But a second reason is that cotton farmers — operating at all the black dots north of Pooncarie in the map above — have re-engineered the landscape to harvest every available flow. Two cotton-producing companies, Webster Ltd and Peter Harris Inc, have rights to 70% of the water in the headquarters of the Barwon-Darling. More than 80% of water taken from this region is unmetered. There have never been any prosecutions for water theft here. The Queensland government believes in very light touch regulation, whereas, in this arena, the NSW Govt aided and abetted by Barnaby Joyce when he was Federal Minister for Agriculture and Water Resources just seems straight out baldly corrupt.03b812315771b4a43348ef084e449ddf.jpegDamming floodwater at Cubbie Station.

Cubbie Station (see map above, near Dirranbandi, Qld) was formed by buying up 51 properties with their accompanying water rights to be the largest irrigated farm in the world today. It’s storage on the Culgoa runs for 28 kms. It has rights to 460,000 megalitres of water — more than the aggregate of every other water user downstream in NSW! — enough to grow 200 square kilometres of cotton. 

That could be the case — but as well as the fuss the publicity of these facts has caused, there hasn’t been enough rain to make harvests of anything like this sort, to the extent that the property was put up for sale and sold in 2013 to a Chinese corporation. It seems true that there is no water at all in Cubbie’s storages at present. But there is a great deal, harvested according to a generous interpretation of the law, in the dams and storages of other cotton growers in northern NSW.

And then there was Barnaby Joyce’s brokerage of the Federal Government’s buy back of water rights from Tandou Station (near Menindee, also owned by Webster’s, chief executive Chris Corrigan) in two tranches totalling $112m. The government paid twice the going rate per litre for what is described locally as ’empty buckets’, water rights which are nominal only and never likely to be accessible except during major floods when most people have plenty of water. So $112m was spent on something which will have no possible benefit for downstream users or the general health of the river. Good money if you can get it, and top work thank you Barnaby.

Given the ferociously political nature of these issues, to be even-handed, if you want to read how Michael Murray, the general manager of Cotton Australia, responded to a particular set of criticisms by Sarah Hanson-Young, click here. In terms of lessons in media management it is worth noting how he dodges all the fundamental questions by focusing on specifics. He doesn’t for example have much to say about the appropriateness of cotton-growing for Australia. That is taken as given. He has recently said, “As an industry, we are growing very tired of being ‘the whipping boy’ for all the problems that are being brought on by this crippling drought”.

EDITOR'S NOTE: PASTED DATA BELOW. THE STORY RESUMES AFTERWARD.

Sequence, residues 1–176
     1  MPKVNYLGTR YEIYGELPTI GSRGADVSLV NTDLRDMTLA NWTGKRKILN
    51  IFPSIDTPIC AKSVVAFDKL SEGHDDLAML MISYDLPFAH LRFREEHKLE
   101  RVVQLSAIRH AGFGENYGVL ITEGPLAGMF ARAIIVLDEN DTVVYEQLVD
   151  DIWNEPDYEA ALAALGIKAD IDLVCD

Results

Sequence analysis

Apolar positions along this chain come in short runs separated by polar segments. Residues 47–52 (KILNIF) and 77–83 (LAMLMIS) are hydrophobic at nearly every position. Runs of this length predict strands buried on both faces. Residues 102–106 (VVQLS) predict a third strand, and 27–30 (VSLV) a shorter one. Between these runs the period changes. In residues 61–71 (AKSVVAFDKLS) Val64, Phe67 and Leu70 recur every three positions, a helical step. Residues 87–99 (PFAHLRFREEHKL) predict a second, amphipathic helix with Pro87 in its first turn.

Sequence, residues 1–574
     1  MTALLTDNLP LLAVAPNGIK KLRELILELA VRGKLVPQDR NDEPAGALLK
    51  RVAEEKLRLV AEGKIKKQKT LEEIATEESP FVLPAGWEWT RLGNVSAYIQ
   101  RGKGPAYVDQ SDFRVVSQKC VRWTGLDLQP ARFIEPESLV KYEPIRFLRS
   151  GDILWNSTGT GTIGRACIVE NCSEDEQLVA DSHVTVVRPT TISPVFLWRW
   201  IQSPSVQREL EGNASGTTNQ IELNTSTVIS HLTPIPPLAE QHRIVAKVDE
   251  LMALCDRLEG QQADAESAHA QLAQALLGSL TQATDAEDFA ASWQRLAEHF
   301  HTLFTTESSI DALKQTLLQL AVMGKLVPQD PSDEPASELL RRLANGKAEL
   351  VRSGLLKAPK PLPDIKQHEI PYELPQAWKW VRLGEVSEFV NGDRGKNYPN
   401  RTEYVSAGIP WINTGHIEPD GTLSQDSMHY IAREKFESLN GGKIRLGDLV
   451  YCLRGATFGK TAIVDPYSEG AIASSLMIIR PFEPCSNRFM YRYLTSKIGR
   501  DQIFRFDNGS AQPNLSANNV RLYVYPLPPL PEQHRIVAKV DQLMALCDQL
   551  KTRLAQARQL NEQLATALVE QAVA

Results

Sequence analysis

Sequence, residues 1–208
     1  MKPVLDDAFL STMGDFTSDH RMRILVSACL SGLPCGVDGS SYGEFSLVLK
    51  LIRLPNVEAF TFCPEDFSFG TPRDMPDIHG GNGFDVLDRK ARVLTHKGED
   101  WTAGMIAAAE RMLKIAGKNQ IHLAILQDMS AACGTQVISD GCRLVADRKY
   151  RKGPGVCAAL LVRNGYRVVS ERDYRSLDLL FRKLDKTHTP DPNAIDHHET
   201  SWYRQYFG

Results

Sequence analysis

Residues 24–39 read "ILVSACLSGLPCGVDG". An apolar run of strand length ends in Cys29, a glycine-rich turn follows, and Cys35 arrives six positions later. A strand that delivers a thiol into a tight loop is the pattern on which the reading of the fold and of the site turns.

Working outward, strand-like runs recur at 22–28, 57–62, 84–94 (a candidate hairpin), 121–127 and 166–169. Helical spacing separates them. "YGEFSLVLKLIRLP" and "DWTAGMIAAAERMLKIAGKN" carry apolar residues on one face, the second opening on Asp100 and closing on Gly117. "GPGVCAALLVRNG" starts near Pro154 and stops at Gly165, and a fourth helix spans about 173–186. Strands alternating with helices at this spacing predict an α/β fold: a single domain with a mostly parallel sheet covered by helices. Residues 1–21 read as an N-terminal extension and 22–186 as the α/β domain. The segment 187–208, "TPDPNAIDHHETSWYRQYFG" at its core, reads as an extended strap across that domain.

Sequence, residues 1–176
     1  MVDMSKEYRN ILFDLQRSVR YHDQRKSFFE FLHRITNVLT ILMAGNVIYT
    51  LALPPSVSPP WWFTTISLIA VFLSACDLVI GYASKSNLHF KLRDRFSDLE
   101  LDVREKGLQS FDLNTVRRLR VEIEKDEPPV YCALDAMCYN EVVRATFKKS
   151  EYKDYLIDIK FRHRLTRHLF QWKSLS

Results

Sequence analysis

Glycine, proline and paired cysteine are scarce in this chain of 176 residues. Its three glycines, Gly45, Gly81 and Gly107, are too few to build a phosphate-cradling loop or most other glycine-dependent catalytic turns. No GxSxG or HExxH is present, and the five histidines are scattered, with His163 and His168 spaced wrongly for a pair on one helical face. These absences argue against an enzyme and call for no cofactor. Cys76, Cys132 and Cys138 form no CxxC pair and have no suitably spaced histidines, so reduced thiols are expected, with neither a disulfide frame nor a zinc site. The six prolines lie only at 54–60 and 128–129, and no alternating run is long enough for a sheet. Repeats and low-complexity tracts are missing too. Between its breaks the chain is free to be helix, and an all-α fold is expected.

The ABC research unit offers the following. ‘In 2008-9 … whilst urban water users faced severe restrictions … and the vast majority of the [Murray-Darling] Basin was enduring the peak of the worst drought in living memory, the cultivation of cotton and rice consumed 981 gigalitres of water. This figure equates to the combined water consumption of Sydney, Melbourne and Adelaide (990 gigalitres) over the same period, to produce a crop with a combined value of less than $650 million, in a year when the gross value of national agricultural production was in excess of $46 billion’.

So, number one, the drought. Sure. But two, crazy use of the water driven by politically protected upstream commercial interests. And then there is three: the NSW government’s policy regarding the lower Darling, ‘de-commissioning’ the Menindee Lakes, a casual eco-catastrophe.

‘De-commission’. What a word. The five Menindee Lakes provide a buffer for the Darling, holding prospectively large amounts of flood water which can be released when river flows decline maintaining the health of the lower Darling as well as providing their own natural ecologies, an intriguing destination for Outback travellers and the lifeblood of Menindee, a small local community.

images.jpegThe lakes have also been the main source of Broken Hill’s water supply. (A modest proportion comes from captured rainfall and local natural aquifers.) Water has run through a 140km pipeline providing one important reason for maintaining good supplies of water in the lakes. That pipeline is ageing and needed about $110m spent on it to keep it in good working order. But that was not the decision of the NSW govt. It decided to build a new 270km pipeline from the Murray at Wentworth at a cost of $467m (also costing more than $25m annually, at least in the first four years, to run). 37.4 megalitres a day will be pumped from the Murray. A megalitre is one million litres. That would be 1.7 million litres an hour.3799.jpg

This is a pic of the last pipe going in. It’s done. acadd49bab25e4f4e37ef3e4265d3df3.jpegThus there is no need for the Menindee Lakes anymore (‘de-commissioned’), cotton growers can up their demands in the Darling headquarters, and the lower Darling doesn’t need to flow at all. All the flow can be used further north. That can happen. Mr Joyce has noted that this would be most beneficial, and that he thinks it should happen. The argument goes that the Lakes are sources of unsustainable levels of evaporation. At present it is intended to leave four of them with a puddlesworth each. 

And the Murray?